relation-to-COVID-19.pdf; https://www.cdc.gov/coronavirus/2019-ncov/if-you-are-
sick/quarantine.html. Note that isolation and quarantine may be used in reverse order in some 
jurisdictions. While definitions differ, the end-result is the same. 
 
mailto:leongorris@gmail.com
http://www.icmsf.org/
http://www.icmsf.org/in-the-news/announcements/
https://www.nicd.ac.za/wp-content/uploads/2020/05/Guidelines-for-Quarantine-and-Isolation-in-relation-to-COVID-19.pdf
https://www.nicd.ac.za/wp-content/uploads/2020/05/Guidelines-for-Quarantine-and-Isolation-in-relation-to-COVID-19.pdf
https://www.cdc.gov/coronavirus/2019-ncov/if-you-are-sick/quarantine.html
https://www.cdc.gov/coronavirus/2019-ncov/if-you-are-sick/quarantine.html
 
 
03 September 2020 Secretariat: leongorris@gmail.com Page 2 of 8 
 
 
ICMSF opinion on SARS-CoV-2 and its relationship to food safety 
The changes in lifestyle and measures to reduce the spread of the SARS-CoV-2 
virus continue to have major disruptive impacts such as reduced economic activity, 
loss of income, loss of jobs and reduced freedom of movement. In addition, food 
trade and food supply chains have seen major disruptions due to the impact on the 
health of the workforce operating along the farm-to-fork supply chain. 
Whilst much information and insight into the pathogenicity/epidemiology and 
ecological dynamics of this coronavirus are still being researched, below are the 
latest scientific and technical insights that ICMSF considers relevant for those 
professionals operating in and along food supply chains, as well as governments 
overseeing food safety matters. 
The ICMSF believes that it is highly unlikely that the ingestion of SARS-CoV-2 
will result in illness; there is no documented evidence that food is a significant 
source and/or vehicle for transmission of SARS-CoV-2. 
It is vital that one differentiates a hazard from a risk, i.e., the mere presence of an 
infectious agent on food does not necessarily mean that an infection will occur. 
 
B. COVID-19 and impact on human health 
COVID-19 is primarily a respiratory illness. Illness may vary from very mild to 
severe, with case fatality ratio estimates varying country to country from <0.1% to 
>25% (WHO, 2020a)4. In principle, the virus causes illness only when it gains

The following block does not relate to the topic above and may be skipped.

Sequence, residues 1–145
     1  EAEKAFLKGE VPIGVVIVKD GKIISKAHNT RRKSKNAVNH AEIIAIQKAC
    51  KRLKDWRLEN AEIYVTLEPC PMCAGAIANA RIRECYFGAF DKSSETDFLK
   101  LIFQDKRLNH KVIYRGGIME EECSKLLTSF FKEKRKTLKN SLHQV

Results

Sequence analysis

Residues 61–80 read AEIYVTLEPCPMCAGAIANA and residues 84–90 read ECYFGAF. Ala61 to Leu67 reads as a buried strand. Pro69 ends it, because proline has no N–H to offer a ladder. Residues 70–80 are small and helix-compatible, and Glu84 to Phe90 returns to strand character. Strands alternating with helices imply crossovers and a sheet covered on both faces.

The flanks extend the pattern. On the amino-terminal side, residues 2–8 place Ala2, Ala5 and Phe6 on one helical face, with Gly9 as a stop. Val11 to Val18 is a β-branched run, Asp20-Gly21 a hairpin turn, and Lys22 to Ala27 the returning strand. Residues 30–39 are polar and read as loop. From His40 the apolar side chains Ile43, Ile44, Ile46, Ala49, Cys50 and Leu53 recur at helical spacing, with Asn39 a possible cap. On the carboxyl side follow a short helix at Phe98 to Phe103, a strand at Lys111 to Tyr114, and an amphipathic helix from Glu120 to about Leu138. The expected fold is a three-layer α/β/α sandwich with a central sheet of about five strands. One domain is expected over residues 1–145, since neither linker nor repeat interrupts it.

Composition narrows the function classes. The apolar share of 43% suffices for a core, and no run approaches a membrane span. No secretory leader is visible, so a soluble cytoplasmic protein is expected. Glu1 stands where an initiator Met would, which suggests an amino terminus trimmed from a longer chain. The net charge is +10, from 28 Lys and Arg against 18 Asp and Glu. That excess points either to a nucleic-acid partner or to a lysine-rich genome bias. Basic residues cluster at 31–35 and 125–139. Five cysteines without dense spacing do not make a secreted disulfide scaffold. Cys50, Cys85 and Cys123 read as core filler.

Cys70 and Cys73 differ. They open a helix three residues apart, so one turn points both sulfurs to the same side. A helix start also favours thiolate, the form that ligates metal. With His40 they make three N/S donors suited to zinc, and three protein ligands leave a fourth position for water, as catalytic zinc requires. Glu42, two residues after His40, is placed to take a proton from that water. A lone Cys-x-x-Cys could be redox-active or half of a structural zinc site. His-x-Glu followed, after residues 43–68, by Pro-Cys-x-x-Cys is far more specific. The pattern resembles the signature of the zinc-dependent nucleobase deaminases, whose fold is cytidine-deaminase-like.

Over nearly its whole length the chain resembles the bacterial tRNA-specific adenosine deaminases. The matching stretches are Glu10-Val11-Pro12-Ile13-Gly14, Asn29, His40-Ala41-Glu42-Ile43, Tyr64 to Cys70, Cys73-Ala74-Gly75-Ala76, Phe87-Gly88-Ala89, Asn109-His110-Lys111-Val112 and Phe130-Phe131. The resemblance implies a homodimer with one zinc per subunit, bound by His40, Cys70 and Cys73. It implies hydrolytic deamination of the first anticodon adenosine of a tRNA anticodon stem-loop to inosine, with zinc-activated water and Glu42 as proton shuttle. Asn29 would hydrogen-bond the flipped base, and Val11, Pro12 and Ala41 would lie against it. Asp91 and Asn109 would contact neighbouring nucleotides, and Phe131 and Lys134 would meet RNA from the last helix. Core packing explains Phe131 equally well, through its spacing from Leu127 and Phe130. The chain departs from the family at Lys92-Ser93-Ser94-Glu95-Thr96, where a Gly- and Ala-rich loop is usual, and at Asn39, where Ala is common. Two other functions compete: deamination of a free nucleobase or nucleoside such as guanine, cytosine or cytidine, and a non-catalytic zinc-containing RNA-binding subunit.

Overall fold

access to the lungs and other body tissues through the respiratory tract and the 
surface mucosal tissues (e.g., eyes, nose lining). While ingestion of the virus could 
potentially result in COVID-19 infection, oral transmission via food consumption 
has not been reported. 
While COVID-19 is a general human health concern affecting many people certain 
situations may present opportunities for the coronavirus to infect humans and 
spread within a business operation or community. In this regard, the SARS-CoV-2 
virus is an important occupational hazard that may affect the health of employees 
and their availability and ability to work. When workers are affected by COVID-
19, they should not attend work for a period of time consistent with 
medical/government advice as a mitigation measure to prevent further spread of 
the virus. 
To combat the virus and its spread, it is important to understand the science behind 
the COVID-19 and the characteristics of this coronavirus. Science is evolving 
rapidly, and key insights are important clues for health professionals and 
businesses, for instance: 
 
4 World Health Organization (WHO) 2020a. 
https://www.who.int/publications/i/item/WHO-2019-nCoV-Sci-Brief-Mortality-2020.1 
 
mailto:leongorris@gmail.com
https://www.who.int/publications/i/item/WHO-2019-nCoV-Sci-Brief-Mortality-2020.1
 
 
03 September 2020 Secretariat: leongorris@gmail.com Page 3 of 8 
 
 
ICMSF opinion on SARS-CoV-2 and its relationship to food safety 
• SARS-CoV-2 is primarily transmitted from person-to-person over close 
distances via droplets/aerosols from the nose and/or mouth.